The facts upon which this conclusion was based were set out in the opinion:

"[T]he average revenue from all sources for appellants' championship bouts was $154,000, compared to $40,000 for their nonchampionship programs; that television rights to one championship fight brought $100,000, in contrast to $45,000 for a nontitle fight seven months later between the same two fighters; that the average 'Nielsen' ratings over a two-and-one-half-year period were 74.9% for appellants' championship contests, and 57.7% for their nonchampionship programs (reflecting a difference of several million viewers between the two types of fights); that although the revenues from movie rights for six of appellants' championship bouts totaled over $600,000, no full-length motion picture rights were sold for a nonchampionship contest; and that spectators pay 'substantially more' for tickets to championship fights than for nontitle fights. In addition, numerous representatives of the broadcasting, motion picture and advertising industries testified to the general effect that a 'particular and special demand exists among radio broadcasting and telecasting [and motion picture] companies for the rights to broadcast and telecast [and make and distribute films of] championship contests in contradistinction to similar rights to non-championship contests."' International Boxing Club, supra at 250-251, 79 S.Ct. at 250.


Although price is certainly an important factor in determining the interchangeability of products, it is not the sole consideration. In duPont, the Supreme Court noted the existence of price differentials between cellophane and other flexible packaging materials. However, these were not deemed significant enough to make cellophane the relevant market. DuPont, supra at 396, 76 S.Ct. 994. In Bendix Corp. v. Balax, Inc., 471 F.2d 149 (7th Cir. 1972), the Seventh Circuit held that swaging taps, which cost twice as much as cutting taps, were in the same market as cutting taps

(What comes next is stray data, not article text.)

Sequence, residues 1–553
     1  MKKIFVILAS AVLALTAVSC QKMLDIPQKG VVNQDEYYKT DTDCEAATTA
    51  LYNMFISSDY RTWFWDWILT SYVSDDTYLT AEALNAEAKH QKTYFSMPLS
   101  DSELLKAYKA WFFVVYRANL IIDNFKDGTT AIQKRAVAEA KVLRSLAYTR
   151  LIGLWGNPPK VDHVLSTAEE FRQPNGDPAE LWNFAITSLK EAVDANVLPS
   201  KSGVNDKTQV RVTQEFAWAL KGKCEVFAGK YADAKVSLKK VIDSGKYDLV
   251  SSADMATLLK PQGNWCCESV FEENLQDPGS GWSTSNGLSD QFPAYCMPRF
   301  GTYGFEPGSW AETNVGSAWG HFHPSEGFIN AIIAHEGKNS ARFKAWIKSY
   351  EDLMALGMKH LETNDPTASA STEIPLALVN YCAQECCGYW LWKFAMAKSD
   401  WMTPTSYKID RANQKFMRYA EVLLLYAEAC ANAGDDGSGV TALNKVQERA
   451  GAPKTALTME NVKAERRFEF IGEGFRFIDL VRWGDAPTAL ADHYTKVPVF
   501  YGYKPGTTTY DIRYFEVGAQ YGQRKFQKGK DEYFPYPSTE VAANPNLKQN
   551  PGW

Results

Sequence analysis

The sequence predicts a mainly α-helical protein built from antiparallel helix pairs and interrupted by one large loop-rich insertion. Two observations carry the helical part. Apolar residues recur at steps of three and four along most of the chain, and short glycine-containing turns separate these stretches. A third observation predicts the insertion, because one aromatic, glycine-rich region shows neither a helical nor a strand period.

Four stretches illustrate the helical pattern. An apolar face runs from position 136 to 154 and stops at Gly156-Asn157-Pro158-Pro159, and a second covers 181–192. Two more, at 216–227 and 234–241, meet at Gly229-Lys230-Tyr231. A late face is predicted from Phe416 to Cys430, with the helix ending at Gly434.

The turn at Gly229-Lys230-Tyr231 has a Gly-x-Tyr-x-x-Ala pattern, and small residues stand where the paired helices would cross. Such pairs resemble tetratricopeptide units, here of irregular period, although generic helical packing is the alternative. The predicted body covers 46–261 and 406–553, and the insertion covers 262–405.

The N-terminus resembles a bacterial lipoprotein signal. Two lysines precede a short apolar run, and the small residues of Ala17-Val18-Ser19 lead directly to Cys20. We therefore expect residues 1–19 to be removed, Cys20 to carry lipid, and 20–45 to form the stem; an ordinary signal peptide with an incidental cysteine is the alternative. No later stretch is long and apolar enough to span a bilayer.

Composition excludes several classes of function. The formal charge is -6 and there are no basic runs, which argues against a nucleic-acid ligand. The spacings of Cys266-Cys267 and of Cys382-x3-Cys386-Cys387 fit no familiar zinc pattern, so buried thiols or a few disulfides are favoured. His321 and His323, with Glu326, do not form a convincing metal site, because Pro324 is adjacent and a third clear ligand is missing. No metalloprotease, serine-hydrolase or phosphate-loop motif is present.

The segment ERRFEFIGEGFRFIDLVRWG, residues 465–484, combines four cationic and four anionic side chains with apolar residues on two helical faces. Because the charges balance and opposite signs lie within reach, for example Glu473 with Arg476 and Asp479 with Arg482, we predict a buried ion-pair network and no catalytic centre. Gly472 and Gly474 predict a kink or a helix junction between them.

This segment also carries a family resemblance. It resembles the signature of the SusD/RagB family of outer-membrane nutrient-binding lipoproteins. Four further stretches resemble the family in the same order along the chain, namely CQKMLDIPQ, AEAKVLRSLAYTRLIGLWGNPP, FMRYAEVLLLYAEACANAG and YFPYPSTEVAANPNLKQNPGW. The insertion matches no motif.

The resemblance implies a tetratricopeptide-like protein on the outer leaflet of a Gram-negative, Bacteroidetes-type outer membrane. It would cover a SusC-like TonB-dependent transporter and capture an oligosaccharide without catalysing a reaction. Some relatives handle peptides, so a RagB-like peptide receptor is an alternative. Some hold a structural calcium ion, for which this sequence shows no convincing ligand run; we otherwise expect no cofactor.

Plaintiffs' expert, Wayne Martin, testified:

"Q. Is that alloy being sold today in competition with Almag 35? A. Yes, in quite substantial quantities.

"Q. For what applications? A. Any place where somebody feels they can do just as well without quite such a high yield strength, and there are many applications where this applies. The percentage elongation, the tensile strength is practically the same. So where critical yield strength is not important, somebody could use this alloy and get along all right. Now, the Reynolds Metals Company, they are selling one. I think theirs is called A-218, and it is extremely similar to Almag which William F. Jobbins sells. Their titanium is slightly low.

"Q. And is that also being sold in competition with Almag 35 today? A. Yes, in quite sizable quantities. They take business. Both of these firms have taken a substantial amount of business away from us with these two alloys."


Ironically, the evidence shows that defendant's Amalloy could not meet the higher specifications of the Atomic Energy Commission and the military. Under the evidence it would appear only Almag 35 qualified for this specialized market


In Bendix Corp. v. Balax, Inc., 471 F.2d 149 (7th Cir. 1972), the court held that swaging taps and cutting taps were in the same relevant market. The court found reasonable interchangeability between the two products despite the cost differential. The court relied upon the fact that swaging taps were reasonably interchangeable with approximately 50% of the cutting tap market


As the Supreme Court indicated in duPont, "cellophane combines the desirable elements of transparency, strength and cheapness more definitely than any of the others." DuPont, supra at 398, 76 S.Ct. at 1009. Yet the district court found that:

"132. The price of cellophane is today an obstacle to its sales in competition with other flexible packaging materials.

"133. Cellophane has alway been higher priced than the two largest selling flexible packaging materials, wax paper and glassine, and this has represented a disadvantage to sales of cellophane." Id. at n. 29.